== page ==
I have been in leadership roles in some capacity most of my life. Thankfully, over the years I have definitely expereinced personal growth. While much of my authentic principles have remanied constant. Those principles have also expanded as I have matured. In many ways I have transformed from the person I was twenty years ago. However, as I lead, my goal was always to do so in the best way that I could as one who was true to myself. As the relationship with myself developed so did the natural way I chose to move authentically in the world.

The pressure from other leaders and subordinates to be perfect, relentless, and all-knowing was unbearable at times. However, like in the article, I found creative ways to self-monitor so I could learn to be comfortable in my humanness. I also consistently invited others to actively participate at varying levels with me in accommplishing the established mission. Both the mission and vision are always bigger than one person. Including them in this way, they could understand the labor and complexities of actualizing the vision and hopefully become more empathetic. Dealing with criticism and handling how we communicate our position on particular issues all filters through colored lenses significant to our own personal journey. Style which speaks more directly to identity and skill which is a reflection of training are two distinctly different components of leadership which can be both nuanced and developed. There is no cookie-cutter method to leadership and people tend to follow leaders according to reasons that resonates with them.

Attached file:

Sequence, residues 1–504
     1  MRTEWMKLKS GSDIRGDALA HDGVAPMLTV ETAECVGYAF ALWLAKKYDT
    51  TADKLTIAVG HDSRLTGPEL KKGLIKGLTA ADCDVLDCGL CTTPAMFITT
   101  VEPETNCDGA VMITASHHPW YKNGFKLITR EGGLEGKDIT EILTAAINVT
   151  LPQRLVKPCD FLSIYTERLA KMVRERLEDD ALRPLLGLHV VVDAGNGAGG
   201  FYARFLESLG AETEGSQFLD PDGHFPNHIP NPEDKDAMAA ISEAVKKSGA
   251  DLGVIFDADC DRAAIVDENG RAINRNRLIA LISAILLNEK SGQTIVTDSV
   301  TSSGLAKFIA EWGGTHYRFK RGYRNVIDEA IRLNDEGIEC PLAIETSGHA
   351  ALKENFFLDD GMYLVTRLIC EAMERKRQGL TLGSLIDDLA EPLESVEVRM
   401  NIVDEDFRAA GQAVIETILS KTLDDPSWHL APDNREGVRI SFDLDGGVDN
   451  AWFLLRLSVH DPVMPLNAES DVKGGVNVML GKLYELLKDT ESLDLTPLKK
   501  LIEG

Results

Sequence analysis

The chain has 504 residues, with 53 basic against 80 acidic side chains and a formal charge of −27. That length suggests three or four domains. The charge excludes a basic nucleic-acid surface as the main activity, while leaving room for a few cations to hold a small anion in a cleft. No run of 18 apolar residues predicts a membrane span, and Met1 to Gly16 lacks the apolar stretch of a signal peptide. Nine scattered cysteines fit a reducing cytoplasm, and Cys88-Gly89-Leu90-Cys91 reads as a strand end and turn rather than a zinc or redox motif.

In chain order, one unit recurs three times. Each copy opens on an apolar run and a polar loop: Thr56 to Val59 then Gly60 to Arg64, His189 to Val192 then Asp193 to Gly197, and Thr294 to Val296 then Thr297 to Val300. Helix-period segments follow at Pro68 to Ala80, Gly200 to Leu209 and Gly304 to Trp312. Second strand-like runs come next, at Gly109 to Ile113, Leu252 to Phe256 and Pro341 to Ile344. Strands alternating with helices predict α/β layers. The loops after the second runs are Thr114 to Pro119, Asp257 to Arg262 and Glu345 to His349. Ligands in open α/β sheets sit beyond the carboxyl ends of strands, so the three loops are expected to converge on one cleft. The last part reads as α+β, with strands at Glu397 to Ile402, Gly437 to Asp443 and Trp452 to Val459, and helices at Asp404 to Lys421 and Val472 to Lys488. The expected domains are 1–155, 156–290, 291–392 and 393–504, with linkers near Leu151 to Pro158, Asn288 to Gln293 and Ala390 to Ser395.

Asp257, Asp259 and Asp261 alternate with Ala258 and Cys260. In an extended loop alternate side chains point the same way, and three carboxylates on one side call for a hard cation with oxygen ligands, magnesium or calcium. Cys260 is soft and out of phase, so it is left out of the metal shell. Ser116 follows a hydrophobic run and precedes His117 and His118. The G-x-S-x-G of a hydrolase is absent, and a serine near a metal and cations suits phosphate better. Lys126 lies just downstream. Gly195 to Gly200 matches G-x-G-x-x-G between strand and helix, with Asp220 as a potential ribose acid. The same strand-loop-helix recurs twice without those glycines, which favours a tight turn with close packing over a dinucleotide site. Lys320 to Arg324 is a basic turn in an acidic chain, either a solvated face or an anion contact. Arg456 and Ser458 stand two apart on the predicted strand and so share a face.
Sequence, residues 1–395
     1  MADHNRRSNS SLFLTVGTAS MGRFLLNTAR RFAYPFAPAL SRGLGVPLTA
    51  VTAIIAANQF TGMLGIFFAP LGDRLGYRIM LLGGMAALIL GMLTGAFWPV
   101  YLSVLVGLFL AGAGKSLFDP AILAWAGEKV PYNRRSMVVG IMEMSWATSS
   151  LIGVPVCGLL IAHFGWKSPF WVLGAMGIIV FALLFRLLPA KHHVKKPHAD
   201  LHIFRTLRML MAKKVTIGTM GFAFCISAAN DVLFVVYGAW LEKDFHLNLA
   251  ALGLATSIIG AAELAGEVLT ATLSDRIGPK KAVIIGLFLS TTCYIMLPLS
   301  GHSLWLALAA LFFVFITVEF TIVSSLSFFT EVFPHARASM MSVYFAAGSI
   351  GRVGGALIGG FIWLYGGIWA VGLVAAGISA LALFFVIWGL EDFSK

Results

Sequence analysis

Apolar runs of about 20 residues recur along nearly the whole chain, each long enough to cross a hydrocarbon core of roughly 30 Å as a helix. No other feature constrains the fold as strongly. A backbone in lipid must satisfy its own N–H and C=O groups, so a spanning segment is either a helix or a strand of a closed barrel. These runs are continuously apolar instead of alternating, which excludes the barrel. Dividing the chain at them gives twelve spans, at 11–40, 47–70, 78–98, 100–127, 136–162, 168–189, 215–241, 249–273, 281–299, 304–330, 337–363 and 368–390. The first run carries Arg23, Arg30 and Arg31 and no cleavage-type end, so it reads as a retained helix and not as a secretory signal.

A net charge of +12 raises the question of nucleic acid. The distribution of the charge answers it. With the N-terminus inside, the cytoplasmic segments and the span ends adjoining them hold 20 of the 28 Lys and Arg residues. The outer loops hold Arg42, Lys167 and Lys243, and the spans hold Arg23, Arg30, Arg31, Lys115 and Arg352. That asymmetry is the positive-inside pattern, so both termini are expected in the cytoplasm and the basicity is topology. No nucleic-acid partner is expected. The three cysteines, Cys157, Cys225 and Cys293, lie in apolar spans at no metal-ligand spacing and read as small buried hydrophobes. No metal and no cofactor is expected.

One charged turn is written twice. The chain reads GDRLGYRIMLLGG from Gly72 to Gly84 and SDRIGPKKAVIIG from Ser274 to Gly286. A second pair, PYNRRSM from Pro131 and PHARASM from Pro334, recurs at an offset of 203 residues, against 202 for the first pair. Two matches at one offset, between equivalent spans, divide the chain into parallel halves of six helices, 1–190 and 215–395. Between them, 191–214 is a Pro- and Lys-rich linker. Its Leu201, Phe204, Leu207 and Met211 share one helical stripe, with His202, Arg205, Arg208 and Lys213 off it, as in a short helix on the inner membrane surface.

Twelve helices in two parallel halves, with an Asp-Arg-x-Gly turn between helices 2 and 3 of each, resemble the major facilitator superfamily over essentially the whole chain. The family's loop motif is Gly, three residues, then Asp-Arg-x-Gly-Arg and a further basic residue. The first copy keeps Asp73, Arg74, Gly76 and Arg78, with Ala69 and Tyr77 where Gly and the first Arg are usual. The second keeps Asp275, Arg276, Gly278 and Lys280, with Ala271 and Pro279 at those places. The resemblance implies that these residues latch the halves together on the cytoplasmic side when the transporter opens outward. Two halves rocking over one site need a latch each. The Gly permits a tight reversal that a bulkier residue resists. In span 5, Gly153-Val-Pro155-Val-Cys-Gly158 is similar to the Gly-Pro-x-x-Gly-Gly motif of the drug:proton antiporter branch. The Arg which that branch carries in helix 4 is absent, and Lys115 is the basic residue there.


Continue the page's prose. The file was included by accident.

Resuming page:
In retrospect, I clearly remember turning down opportunities for speaking engagements that would in some way cause me to compromise my authenticity. With no regret, I stepped down from a coveted position once that was requiring me to behave outside of my authentic character. Thou flattered I often have found myself humbly rejecting the notion that the way I presented as a speaker could be compared to some famed mainstream personality. I’m okay with just being me in a category of my own. The journey along my path has taught me that it does not matter what is at stake. There is never anything that trumps being true to myself. There are always risks in allowing for vulnerability in authenticity. However, how one chooses to demonstrate their authenticity should be done so with prudent wisdom.

Knowledge of self is the beginning of wisdom. As a leader I learned in order to make the best decisions, I was only responsible for using the present knowledge and understanding I possessed at the time. The life-long process of authenticity permits this grace. My perspective on certain insight and how it was acquired was personal. With that, I could then navigate my leadership from an authentic place.

“We have to dare to be ourselves however frightening or strange that self may prove to be” Mary Sarton.

Copyright by Deana Gordon